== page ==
LCT’s annual gala, the Operator of the Year Awards show sponsored by Ford Motor Co., was attended by an enthusiastic and well- dressed crowd. Nominees brought their own cheering sections, who added to the event’s energy level. During the annual charity auction for the Harold Berkman Fund that preceded the awards presentation, a professional auctioneer worked the crowd, building the excitement level and driving up the bidding. Several operators and show exhibitors had generously donated auction gifts, including attractive travel packages.
The 2006 LCT Show’s keynote presenters were well received. Noted business speakers Steve Farber and Dr. Tom Steiner approached chauffeured transportation service quality in separate, distinct ways during each of their presentations.
Farber was more serious while Steiner’s delivery gave away his past experience as a stand-up comedian. Both speakers encouraged operators to incorporate best practices from leading companies and to understand the psychological and emotional components of the service experience their clients expect.
Farber, author of The Radical Leap, outlined the elements of the essential qualities that build success in business and make up his acronym L.E.A.P. — love, energy, audacity, and proof. Love is about bringing your heart into what you do. For energy, Farber asked attendees, “Do you generate more energy when you walk into a room, or when you leave it?”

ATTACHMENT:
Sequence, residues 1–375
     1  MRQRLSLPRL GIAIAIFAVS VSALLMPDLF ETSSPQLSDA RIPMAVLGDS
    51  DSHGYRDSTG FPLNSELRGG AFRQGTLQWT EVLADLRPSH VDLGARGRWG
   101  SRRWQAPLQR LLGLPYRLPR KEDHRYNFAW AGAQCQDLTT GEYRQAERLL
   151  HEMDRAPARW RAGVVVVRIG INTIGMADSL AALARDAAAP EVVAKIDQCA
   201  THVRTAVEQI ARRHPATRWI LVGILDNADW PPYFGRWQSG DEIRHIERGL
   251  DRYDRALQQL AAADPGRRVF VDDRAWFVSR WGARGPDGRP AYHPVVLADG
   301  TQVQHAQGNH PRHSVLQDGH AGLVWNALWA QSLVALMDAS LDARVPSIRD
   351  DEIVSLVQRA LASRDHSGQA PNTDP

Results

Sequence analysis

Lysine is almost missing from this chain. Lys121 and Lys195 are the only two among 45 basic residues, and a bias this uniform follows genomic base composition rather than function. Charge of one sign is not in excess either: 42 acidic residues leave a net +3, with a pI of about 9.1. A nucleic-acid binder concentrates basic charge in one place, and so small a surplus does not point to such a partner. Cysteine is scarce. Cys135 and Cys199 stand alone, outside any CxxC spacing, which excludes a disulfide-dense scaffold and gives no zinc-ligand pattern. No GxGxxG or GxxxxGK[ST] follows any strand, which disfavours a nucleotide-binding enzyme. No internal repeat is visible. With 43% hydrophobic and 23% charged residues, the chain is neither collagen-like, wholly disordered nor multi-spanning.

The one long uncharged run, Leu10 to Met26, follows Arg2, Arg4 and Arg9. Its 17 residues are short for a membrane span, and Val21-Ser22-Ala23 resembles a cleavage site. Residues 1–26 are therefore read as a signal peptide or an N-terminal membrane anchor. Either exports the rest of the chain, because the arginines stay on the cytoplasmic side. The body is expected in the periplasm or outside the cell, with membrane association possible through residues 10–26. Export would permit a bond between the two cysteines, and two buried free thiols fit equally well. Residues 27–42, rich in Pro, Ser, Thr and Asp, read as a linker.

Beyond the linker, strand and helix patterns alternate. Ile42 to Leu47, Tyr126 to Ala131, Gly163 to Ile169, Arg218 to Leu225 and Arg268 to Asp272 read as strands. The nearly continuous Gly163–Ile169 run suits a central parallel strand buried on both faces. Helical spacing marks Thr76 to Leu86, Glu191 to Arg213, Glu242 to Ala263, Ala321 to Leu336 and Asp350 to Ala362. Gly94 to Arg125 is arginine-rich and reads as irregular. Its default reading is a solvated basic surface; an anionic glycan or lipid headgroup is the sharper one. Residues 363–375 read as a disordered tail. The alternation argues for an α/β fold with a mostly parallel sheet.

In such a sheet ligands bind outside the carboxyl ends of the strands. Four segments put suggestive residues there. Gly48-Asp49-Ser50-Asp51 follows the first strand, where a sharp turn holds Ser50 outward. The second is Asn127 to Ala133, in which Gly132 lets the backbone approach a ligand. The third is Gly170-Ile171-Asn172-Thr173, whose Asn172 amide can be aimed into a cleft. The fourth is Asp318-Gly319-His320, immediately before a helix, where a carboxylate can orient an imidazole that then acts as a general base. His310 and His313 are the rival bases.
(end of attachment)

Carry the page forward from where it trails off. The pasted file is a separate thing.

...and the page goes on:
His definition of audacity is, “a bold, blatant disregard for normal constraints,” which he believes every successful entrepreneur must cultivate. Regarding proof, Farber says that business owners must have an “Oh sh*t! moment,” when they realize they’ve really taken a risk and put themselves on the line, otherwise, they’re just going through the motions. This is the proof in the pudding. Steiner focused mainly on the details that go into creating a tremendous service experience — incredible attention to detail, anticipating your client’s next need, making problem-solving effortless for your employees, and providing clients with a “wow” experience. In a service business, he says, everything you do matters. “Your company is judged by the worst service provider you have,” he says.